Given my time crunch I didn’t document much of the fitting process in pictures.  In short, since this top is extremely fitted, the hard part was figuring out where to cinch and where to release fabric.  This is where my second biggest lesson comes in:  Do not try to make your body fit the shape of a pattern you see in the text book! The body never lies. I spent way too much time wondering why my pattern “looked right” on the flat but looked horrible on me.  I often would make a fitting adjustment, transfer it to paper – then erase it because the pattern no longer looked like the textbook.  Insane!

For example look at the text book version of the busiter pattern.  I’m curvy and not very tall so my natural waist is actually much higher at the side seam than in the front. Once I accepted this fact all my fitting problems where resolved.  My only fit worry from there was not losing or gaining weight. 

{book pattern}

{actual pattern}

Up next: The design……..

Monday, November 4, 2013

Should I make my own wedding dress?

...Is not a question I asked myself.   The first thing that came to mind when it was time to shop for THE MOST IMPORTANT DRESS I'LL EVER WEAR was............"I would never forgive myself if I didn't make it".  As if all my years of toiling behind a sewing machine would have been for naught if I didn't AT LEAST give it a try.  My resolve was strong, however.  Even if the damn thing fell apart half way through the ceremony, I was determined to make it and by God's good grace I did!  So here are my top 5 tips for any lady who embarks on this journey.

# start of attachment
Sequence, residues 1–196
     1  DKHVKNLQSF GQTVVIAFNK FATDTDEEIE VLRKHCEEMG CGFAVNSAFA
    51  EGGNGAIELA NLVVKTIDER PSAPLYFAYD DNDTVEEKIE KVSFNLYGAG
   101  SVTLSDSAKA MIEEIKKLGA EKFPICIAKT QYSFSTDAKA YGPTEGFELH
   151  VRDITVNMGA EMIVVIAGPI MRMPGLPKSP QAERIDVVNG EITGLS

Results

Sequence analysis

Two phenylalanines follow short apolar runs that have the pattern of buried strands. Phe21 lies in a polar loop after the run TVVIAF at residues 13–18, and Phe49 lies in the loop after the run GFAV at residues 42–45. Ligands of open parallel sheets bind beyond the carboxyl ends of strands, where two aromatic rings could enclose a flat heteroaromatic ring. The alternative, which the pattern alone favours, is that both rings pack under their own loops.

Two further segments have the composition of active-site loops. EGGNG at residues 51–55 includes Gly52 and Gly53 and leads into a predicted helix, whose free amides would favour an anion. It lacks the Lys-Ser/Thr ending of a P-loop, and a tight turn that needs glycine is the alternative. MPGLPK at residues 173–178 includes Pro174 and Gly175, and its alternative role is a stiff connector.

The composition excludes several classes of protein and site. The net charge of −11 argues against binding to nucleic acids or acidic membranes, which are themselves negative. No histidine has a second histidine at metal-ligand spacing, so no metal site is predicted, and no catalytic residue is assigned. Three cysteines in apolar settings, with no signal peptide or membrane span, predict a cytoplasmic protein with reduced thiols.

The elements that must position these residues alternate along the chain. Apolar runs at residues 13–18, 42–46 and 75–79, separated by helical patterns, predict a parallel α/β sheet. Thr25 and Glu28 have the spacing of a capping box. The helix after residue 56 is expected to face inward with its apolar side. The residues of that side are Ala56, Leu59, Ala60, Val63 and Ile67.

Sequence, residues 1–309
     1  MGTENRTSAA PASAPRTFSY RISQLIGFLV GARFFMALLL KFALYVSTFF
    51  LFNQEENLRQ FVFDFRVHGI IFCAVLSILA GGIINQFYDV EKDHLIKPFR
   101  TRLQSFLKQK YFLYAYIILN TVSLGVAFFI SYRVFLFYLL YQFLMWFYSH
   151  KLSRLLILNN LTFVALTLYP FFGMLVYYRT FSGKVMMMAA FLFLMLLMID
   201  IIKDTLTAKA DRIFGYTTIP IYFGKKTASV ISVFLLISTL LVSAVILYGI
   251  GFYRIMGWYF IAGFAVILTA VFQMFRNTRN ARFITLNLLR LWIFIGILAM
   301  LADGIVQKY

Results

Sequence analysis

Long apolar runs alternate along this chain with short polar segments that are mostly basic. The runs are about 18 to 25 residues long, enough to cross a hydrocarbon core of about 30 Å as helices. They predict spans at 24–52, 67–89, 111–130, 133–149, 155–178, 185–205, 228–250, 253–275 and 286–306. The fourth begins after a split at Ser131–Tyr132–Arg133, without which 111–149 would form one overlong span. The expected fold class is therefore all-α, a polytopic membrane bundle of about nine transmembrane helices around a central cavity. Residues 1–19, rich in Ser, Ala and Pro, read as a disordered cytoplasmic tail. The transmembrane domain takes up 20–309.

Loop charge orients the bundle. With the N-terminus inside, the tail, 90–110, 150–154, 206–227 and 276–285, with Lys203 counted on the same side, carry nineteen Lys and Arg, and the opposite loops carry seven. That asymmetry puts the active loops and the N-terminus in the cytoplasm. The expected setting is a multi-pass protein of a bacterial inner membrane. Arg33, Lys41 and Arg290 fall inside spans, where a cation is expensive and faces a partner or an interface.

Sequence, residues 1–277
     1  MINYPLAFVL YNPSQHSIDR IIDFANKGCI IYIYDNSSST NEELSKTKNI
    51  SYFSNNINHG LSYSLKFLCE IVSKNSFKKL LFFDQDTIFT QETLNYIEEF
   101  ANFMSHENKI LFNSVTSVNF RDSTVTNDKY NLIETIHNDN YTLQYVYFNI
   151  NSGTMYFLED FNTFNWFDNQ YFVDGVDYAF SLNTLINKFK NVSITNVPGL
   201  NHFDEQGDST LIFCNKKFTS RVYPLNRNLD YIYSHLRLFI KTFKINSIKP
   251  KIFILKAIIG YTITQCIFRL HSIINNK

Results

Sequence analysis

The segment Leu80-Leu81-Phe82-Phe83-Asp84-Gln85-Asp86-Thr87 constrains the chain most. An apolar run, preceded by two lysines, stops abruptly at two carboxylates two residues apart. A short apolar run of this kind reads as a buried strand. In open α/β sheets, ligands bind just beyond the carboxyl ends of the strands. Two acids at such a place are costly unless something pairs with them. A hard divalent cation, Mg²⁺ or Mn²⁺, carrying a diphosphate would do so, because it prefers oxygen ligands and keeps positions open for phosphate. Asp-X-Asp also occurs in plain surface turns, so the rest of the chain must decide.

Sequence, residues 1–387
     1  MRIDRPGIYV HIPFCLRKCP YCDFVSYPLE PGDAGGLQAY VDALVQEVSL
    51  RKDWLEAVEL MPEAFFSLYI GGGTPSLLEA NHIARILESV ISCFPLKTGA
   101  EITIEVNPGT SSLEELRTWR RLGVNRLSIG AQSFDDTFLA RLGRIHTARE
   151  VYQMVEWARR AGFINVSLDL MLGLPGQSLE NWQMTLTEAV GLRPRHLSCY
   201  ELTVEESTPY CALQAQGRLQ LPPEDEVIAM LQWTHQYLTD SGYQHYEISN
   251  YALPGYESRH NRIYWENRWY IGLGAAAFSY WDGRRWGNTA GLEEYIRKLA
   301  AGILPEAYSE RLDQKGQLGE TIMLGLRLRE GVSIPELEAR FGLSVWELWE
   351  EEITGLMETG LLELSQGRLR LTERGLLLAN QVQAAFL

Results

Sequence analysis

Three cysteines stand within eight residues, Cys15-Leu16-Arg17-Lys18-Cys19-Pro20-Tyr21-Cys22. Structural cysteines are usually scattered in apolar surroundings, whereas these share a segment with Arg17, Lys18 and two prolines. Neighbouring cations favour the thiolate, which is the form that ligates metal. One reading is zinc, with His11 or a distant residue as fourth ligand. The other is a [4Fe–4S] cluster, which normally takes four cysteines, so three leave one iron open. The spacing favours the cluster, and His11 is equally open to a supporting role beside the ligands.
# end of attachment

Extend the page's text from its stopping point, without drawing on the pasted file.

1. Pick a style within your ability
I veered away from and beading, embroidery or lace.  Although I'm not the hugest fan of those applications my concern was the time I needed to make it wedding-tacular.  A 10 month engagement while working 60+ hrs a week was an obvious no-no. I've always loved ultra 3D garments and I can flounce with the best of them so my dress design was a no brainer for me.

2. Be very patient
I searched the web for encouragement before I got started and I was shocked by how many blogs say don't do it!  I've heard it all from "you need 4 arms and 16 elbows to fit yourself" or  "only true master seamstress should every try to fit herself". Give me a break!!!  What is point of writing a blog post with discouraging advice?!?!?!  Do you want to know the REAL SECRET  to fitting yourself no matter your skill level??? PATIENCE!   That's all, a big bowl of never give up.  If you trust that you will figure it out eventually, it will happen...eventually.  I made 17 versions of my bodice until it fit perfectly.  During the last 10 versions I was altering the pattern by only 1/8" at a time.  Now, the length of your 'eventually' will depend on your skill level - I just made sure I gave myself ample time.  I'll talk more about my fitting process in another post.

3. Just ATTACK it!